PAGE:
The new public protector says she will leave the dispute over the state capture report prepared by h.
I am looking forward to the film of Henry Nxumalo's work as an investigative journalist for the pioneering South African magazine, Drum.
As a wet-behind-the-ears reporter at African Newspapers in Salisbury, Rhodesia, I was in a permanent state of awe of the magazine and its journalists.
All of us young reporters craved the fame of the Drumjournalists. Their bylines alone conjured up visions of daring, fearless searchers for the truth. Journalists who made a difference.
I had an opportunity to emulate them when, for an all too brief stint, I became acting editor of The African Parade, launched by the publishers of The African Daily News, as a challenge to Drum, which had cornered the market among the literate Africans of Southern Rhodesia.
I tried to be Nxumalo, Can Themba, Moses "Casey" Motsitsi, Todd Matshikiza and Lewis Nkosi, all rolled into one.
All of them were great writers under Jim Bailey. They blazed a trail, not only for South African investigative journalism, but for us as well.
For me, the brief sojourn offered a glorious opportunity to probe in-depth what we called "the real issues".
My crowning glory was a feature about the near-mortal struggle between an African chief, Munhuwepayi Mangwende, and the colonial government.
I called it The Tribe That Lost Its Head, from an international bestseller of the time. Mangwende incurred the wrath of the government because of his unflinching support for the nationalist struggle.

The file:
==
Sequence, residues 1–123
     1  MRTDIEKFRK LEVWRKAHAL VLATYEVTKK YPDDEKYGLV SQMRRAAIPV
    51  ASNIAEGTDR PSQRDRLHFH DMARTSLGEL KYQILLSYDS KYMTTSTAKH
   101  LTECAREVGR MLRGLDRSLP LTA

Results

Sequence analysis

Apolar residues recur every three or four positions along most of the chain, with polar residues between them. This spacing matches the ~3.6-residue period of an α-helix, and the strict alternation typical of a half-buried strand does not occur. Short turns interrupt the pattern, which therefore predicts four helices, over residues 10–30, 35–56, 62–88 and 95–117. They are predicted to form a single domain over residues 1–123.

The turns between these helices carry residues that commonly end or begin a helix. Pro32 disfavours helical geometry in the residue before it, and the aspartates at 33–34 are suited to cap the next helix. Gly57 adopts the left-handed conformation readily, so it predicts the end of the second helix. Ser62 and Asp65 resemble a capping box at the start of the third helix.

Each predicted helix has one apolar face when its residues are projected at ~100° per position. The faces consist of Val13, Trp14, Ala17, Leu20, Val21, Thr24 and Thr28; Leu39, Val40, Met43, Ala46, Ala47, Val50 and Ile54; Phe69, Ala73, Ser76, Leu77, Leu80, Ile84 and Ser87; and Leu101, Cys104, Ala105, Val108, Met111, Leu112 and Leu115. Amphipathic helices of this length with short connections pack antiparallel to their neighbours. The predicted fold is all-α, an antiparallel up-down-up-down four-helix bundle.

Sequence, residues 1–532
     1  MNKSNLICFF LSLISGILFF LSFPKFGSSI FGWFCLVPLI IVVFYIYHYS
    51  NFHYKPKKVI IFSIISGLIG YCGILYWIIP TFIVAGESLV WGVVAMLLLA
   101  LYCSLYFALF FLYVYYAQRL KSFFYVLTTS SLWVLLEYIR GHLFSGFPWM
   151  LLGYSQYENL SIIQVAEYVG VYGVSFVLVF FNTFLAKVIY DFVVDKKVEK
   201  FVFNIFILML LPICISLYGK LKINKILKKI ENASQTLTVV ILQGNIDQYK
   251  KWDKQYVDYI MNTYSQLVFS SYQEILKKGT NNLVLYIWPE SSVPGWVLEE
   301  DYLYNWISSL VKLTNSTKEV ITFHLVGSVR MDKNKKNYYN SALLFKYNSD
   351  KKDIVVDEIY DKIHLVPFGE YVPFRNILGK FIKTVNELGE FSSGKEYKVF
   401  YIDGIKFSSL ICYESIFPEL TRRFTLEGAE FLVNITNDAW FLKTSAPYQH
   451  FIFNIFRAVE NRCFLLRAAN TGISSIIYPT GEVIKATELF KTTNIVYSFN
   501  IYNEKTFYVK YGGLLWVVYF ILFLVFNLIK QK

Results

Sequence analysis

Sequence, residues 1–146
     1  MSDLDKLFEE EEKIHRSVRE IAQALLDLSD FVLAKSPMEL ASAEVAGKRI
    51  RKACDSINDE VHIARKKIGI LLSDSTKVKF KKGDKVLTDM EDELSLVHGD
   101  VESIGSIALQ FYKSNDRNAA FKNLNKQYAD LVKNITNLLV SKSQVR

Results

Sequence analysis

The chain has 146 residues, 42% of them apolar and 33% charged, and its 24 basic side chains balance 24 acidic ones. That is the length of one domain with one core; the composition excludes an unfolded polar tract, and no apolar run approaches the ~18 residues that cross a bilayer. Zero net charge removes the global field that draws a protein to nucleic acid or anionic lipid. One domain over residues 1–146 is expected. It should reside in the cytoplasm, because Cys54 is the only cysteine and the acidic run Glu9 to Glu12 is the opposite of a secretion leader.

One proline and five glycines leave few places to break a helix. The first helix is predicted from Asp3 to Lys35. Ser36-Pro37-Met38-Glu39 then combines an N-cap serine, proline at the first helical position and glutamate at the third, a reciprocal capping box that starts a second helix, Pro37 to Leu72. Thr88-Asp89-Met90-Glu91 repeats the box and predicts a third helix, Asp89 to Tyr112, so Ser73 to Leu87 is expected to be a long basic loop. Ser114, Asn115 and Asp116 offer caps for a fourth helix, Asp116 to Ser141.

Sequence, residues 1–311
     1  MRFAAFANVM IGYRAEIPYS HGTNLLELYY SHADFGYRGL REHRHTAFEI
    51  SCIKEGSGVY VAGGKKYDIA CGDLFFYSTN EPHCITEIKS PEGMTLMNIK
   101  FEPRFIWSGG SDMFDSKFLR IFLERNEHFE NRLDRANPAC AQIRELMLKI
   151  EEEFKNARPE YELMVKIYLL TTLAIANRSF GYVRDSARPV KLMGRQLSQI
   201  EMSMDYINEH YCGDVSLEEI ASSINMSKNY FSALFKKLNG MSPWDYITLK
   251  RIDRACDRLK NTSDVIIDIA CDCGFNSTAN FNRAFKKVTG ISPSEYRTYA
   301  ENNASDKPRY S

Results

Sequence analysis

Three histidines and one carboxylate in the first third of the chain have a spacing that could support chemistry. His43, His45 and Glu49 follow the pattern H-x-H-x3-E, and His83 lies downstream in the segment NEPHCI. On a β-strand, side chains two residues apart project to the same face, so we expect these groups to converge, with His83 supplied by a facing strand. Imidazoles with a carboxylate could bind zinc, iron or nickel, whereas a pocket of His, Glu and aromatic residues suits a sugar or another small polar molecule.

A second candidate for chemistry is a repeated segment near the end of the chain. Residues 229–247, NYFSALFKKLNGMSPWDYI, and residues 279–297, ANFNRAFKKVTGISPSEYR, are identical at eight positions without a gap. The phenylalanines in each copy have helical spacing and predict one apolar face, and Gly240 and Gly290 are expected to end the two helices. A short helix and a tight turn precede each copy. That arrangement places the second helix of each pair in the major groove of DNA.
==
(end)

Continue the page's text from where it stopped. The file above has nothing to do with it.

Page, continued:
My article unabashedly supported his struggle. This, incidentally, always reminds me of the terrifying history of African media struggles since the independence of Ghana in l957.
After 1957, it appeared as if there would be a a new animal called African journalism. This would be different from the journalism of other countries.
This journalism would hear no evil and see no evil in African governance. It would praise the leaders until kingdom come, or until they died, either of natural causes or by the bullet of a soldier or a hired assassin.
Some leaders would not admit they had no stomach for the truth. Today, few countries have let the media operate with unfettered freedom. Most have crafted Draconian laws that restrict the freedom of the media - all in the name, weirdly, of protecting the sovereignty of the nation.
South Africa remains unique, an oasis of sorts in a landscape of media turbulence. Yet we discern rumblings of discontent from the new rulers. It's almost as if they are as discontented as the Afrikaners were of the anti-apartheid media.
In the mid-1990s, I chaired a journalism workshop in Blantyre, Malawi. In an introduction to one session, I waxed rather lyrical about the heroes of Drummagazine. The response from the audience, who included young South African editors, was blank-faced. Were they not aware of the heroic history of their predecessors?
This same indifference is evident in Zimbabwe, when you mention Lawrence Vambe, Nathan Shamuyarira, even going back to Nofas Kwenje.
There seems to be no proper appreciation of the heroism of those journalists who confronted colonialism and apartheid head-on.
Perhaps it is because the new African governments are headed by closet fascists: they would prefer people not to know the truth.
There can be no such thing as African journalism: the governments must make the African media partners in good governance, rather than accomplices in the crime of bad governance.
lBill Saidi is deputy editor of The Standard in Zimbabwe. His column appears every Friday.